can’t be blamed on older moviegoers alone. Over the past few weeks,
“Spider-Man: No Way Home” has earned a staggering $621 million domestically, a
total you simply can’t reach without every available demographic turning out in
record numbers. If older adults are willing to go see “Spider-Man,” it becomes
harder to make the argument that they can’t be wooed at all.

Marvel’s rising tide, though, has not lifted any
boats. Instead, every other title is drowning. Are audiences really so skittish
about seeing the most acclaimed films of the year? Or have these movies simply
struggled to make the case that they’re worth watching?

I believe the latter issue bedevilled “West Side
Story,” which seemed to have so much going for it when it debuted in December.
Directed by Steven Spielberg, the movie received rapturous reviews and is
adapted from one of the most famous stage musicals of all time. Though “West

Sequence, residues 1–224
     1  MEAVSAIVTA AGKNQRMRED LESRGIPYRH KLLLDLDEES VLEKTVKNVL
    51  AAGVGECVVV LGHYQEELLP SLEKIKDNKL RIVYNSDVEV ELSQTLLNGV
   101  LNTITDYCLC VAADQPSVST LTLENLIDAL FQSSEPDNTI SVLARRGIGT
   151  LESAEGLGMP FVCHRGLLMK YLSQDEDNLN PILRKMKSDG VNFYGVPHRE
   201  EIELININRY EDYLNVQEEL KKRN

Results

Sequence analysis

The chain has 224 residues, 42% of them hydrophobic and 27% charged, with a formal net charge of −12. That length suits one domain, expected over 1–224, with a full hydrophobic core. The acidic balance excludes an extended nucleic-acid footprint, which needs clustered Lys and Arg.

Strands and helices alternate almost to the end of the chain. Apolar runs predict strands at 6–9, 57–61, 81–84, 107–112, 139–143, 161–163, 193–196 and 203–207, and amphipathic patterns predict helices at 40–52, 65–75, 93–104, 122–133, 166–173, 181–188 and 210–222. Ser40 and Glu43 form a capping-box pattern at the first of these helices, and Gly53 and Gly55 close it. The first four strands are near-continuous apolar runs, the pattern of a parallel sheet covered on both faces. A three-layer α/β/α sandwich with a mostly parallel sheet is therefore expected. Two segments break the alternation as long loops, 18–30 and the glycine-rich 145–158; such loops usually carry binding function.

Side Story” was originally intended to come out last winter, Disney executives
delayed this exhilarating film a full year, expecting a four-quadrant smash.

They didn’t get it. “West Side Story” made just $10.5
million in its opening weekend and has struggled to reach $30 million in its
first month of release. For a movie from Hollywood’s most reliable hitmaker,
that is a disastrous result. You’d have to go all the way back to “Empire of
the Sun” from 1987 to find a Spielberg movie that did this poorly, and that
film didn’t cost north of $100 million, as “West Side Story” did.

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The usual suspects have come in for blame — the
pandemic’s winter surge, the paucity of older moviegoers — but I lay this
failure squarely at the feet of the marketing campaign, which missed crucial
opportunities. The posters for this romantic musical were oddly grim, and the
trailers and TV spots remained way too bashful about selling Spielberg, the
movie’s biggest name. The trailers should have emphasised his iconic films like
“ET the Extra-Terrestrial,” “Jurassic Park” and “Raiders of the Lost Ark,”